For the past 5+ years, Google Analytics has been my go-to web analytics tool. While it isn’t as robust as Omniture or WebTrends, the pricing model (Free!) and easy installation & simple configuration processes have resulted in widespread adoption. According to the technology adoption and trends tool BuiltWith, Google Analytics is used by more than 44% of the top 1 Million website. In comparison, Omniture is used on only 1.35% of the top 1 Million websites.
I’ve been spending significant time with Google Analytics over the past few months and I seem to be running into more limitations each and every day. Here are the 3 things that I would expect to be able to do with Google Analytics (but I can’t):
- Advanced segmentation isn’t really advanced. After I wrote my post about about the robustness of advanced segmentation, a colleague asked me to help her with creating a report on user behavior using internal and external visitor segments. Knowing that I’ve set up Views where I’ve excluded traffic using an internal IP address, I began searching for the “Filter by IP” field but could not locate it under any of the available options. Once I realized that this was not possible, I resolved to creating the 6 essential Views that we set up with all client accounts so that she could report on this behavior in the future.
- Custom Dashboards aren’t really customizable. I met with another colleague before the Thanksgiving holiday break to discuss the buildout of a custom dashboard. He sought my help with creating one since I had built a custom dashboard for my blog. We attempted to create a basic widget that displayed on a daily basis the total visitors vs. new visitors vs. returning visitors — a graph that a marketer would commonly look at. While the visitor metric could be added to the graph, we couldn’t add the visitor type dimension. To work around this limitation, we added the % new visitor metric. Furthermore, we could only add a single metric!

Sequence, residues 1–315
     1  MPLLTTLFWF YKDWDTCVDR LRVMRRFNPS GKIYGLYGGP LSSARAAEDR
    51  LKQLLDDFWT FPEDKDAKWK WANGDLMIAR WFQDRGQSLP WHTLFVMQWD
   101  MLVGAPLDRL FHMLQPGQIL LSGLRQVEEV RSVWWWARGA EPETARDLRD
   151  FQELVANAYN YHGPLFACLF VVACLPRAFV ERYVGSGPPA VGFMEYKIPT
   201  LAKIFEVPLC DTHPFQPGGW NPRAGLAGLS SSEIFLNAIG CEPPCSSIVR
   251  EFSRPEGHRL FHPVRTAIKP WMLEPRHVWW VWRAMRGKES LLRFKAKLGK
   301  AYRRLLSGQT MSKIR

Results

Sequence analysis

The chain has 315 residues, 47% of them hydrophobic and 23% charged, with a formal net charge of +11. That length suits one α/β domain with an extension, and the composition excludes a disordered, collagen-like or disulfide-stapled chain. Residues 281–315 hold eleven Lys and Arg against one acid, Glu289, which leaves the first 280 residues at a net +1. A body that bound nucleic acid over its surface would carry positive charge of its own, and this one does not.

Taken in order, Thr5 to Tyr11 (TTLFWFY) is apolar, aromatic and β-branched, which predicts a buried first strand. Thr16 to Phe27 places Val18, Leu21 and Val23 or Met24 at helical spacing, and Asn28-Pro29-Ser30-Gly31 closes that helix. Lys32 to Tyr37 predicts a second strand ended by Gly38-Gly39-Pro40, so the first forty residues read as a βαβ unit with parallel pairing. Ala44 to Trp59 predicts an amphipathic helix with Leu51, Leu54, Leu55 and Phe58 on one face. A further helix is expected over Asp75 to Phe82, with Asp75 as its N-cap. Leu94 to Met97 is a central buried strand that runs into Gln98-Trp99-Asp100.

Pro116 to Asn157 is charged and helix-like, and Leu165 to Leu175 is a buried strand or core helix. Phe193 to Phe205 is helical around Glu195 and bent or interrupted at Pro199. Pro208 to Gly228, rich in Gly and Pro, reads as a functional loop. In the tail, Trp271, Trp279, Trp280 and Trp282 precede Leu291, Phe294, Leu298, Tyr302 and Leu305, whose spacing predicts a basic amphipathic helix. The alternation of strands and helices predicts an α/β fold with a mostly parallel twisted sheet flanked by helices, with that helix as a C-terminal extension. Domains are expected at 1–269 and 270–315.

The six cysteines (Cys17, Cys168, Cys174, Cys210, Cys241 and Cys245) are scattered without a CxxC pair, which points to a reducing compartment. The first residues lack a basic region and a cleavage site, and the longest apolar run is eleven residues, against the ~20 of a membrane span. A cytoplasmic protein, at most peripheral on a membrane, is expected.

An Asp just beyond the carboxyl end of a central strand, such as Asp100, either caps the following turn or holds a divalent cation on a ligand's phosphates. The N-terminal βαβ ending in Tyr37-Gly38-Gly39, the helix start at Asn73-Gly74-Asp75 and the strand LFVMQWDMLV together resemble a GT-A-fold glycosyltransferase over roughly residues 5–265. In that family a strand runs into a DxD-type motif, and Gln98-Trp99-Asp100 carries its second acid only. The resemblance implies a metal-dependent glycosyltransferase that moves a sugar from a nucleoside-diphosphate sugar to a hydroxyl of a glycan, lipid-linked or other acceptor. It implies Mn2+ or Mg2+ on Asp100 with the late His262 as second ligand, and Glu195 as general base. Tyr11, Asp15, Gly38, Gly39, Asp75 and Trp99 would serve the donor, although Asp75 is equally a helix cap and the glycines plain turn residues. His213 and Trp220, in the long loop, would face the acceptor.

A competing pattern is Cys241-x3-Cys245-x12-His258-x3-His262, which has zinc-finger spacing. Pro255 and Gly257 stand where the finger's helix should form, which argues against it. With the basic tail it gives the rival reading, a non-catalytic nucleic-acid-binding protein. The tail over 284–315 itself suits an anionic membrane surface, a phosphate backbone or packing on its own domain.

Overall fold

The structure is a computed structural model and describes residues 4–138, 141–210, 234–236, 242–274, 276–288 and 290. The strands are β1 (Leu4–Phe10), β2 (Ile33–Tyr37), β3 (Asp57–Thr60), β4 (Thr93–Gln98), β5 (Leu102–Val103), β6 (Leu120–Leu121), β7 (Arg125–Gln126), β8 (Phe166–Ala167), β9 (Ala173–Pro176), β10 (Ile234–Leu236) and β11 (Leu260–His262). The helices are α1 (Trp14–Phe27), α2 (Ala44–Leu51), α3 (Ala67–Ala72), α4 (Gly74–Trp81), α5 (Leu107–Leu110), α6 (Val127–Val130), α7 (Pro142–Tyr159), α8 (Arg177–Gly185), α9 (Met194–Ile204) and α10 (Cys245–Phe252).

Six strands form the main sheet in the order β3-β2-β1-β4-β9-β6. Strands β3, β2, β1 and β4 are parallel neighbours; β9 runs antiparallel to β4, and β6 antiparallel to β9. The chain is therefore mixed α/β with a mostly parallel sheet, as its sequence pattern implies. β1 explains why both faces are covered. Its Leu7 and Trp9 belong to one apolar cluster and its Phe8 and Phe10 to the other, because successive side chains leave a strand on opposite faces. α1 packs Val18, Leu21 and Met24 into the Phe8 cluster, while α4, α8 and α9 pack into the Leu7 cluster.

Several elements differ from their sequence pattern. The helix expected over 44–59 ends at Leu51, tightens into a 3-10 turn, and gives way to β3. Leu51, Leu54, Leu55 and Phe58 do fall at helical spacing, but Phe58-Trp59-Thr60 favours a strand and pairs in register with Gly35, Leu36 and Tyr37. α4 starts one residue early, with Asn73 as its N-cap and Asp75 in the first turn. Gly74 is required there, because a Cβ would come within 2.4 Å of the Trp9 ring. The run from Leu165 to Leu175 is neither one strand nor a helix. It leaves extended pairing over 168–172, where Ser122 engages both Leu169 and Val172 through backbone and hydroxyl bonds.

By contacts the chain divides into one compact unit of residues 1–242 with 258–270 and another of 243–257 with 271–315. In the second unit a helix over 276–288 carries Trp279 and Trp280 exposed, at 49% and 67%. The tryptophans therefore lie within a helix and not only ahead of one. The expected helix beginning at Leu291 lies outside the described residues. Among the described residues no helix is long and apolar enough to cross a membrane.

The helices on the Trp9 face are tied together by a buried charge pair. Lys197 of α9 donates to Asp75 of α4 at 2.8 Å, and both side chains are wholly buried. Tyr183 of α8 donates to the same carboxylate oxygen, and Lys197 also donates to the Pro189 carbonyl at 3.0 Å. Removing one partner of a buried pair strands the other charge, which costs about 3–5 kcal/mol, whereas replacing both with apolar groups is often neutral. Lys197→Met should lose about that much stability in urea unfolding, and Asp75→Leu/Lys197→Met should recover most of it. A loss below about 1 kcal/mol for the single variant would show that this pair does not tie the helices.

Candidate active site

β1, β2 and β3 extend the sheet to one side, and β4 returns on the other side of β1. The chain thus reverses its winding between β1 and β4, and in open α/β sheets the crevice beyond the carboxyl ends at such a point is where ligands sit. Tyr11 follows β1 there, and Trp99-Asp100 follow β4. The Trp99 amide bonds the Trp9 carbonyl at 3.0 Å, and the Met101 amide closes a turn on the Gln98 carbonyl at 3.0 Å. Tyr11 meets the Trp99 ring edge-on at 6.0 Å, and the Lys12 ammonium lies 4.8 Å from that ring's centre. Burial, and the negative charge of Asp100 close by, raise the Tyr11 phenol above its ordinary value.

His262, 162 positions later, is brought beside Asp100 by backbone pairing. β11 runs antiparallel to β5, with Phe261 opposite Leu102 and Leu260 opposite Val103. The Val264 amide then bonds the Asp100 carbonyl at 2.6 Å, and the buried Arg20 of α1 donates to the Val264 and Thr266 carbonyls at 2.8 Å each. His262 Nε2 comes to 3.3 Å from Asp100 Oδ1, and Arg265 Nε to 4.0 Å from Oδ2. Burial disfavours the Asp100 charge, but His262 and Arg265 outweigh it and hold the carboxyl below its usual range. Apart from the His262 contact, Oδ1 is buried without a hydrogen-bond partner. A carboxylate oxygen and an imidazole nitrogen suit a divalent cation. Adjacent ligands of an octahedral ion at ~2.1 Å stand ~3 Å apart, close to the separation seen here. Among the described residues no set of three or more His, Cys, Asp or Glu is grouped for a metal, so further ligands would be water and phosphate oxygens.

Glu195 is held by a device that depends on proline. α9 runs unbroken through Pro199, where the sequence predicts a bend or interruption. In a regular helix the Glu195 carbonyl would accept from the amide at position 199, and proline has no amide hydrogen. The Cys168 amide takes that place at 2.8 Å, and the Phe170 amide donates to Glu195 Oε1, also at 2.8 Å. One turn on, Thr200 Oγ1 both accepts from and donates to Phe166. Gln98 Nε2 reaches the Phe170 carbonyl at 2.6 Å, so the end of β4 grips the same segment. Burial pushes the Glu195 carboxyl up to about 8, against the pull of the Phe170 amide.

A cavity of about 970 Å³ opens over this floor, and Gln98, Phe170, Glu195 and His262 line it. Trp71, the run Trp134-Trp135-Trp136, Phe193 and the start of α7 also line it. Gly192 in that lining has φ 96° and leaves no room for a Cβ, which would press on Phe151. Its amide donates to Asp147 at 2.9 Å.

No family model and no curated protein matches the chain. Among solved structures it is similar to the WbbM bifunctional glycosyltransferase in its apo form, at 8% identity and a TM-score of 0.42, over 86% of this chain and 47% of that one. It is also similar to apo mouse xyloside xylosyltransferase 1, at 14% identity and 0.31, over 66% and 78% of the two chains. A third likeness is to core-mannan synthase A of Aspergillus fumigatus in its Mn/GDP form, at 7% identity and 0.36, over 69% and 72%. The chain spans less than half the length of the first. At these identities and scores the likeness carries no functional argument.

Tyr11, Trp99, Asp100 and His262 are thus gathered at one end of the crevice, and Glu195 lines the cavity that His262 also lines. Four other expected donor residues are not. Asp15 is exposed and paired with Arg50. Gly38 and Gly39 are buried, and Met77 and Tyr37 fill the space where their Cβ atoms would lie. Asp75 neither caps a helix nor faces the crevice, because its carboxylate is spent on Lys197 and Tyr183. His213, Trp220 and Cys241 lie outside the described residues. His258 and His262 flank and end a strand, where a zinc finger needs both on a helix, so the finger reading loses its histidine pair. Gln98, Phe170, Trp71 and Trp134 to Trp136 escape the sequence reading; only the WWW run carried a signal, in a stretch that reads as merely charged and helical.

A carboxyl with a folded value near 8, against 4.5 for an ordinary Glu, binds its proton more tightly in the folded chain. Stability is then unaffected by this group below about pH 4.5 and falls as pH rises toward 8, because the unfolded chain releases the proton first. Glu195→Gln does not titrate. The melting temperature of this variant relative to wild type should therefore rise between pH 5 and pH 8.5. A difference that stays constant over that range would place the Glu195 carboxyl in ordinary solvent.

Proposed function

- API’s aren’t really open. I add an annotation every time that I publish a new post on this blog. Since my blog posts get automatically pushed to social media networks when they are published, I began investigating whether I automate the process and cut the manual step of adding these annotations. I looked into the Google Analytics API’s and while Google has multiple API’s — API’s for data collection, account management, and data reporting – none could be used to create annotations on the fly.
Google does have a support forum where new features can be requested so I posted my suggestion for automating annotations. While the features that I want are not currently available in either the standard or enterprise version, I’ve noted that Google has invested significantly in the platform this year. I fully expect the product development team to continue to release more valuable functionality in mid to late 2014.
What features do you think are missing in Google Analytics?
The American Marketing Association – Atlanta chapter held a special panel on Big Data yesterday. Big Data is a hot, albeit overused, term at the moment. The panelists, which represented big data leaders (they didn’t want to be called experts!) from well-known brands such as The Coca-Cola Company, Georgia-Pacific, and Google, and Definition6 (a local, independent ad agency) were tasked with defining Big Data and explaining how it can be used in today’s marketing organization and how it will shape future marketing efforts. The speakers at the event included:
- Julie Bowerman – VP eCommerce, The Coca-Cola Company
- Tom Lowry – Director, Google
- Douwe Bergsma – CMO, Georgia-Pacific
- Michael Kogon, CEO, Definition 6
Here are the key highlights from the event: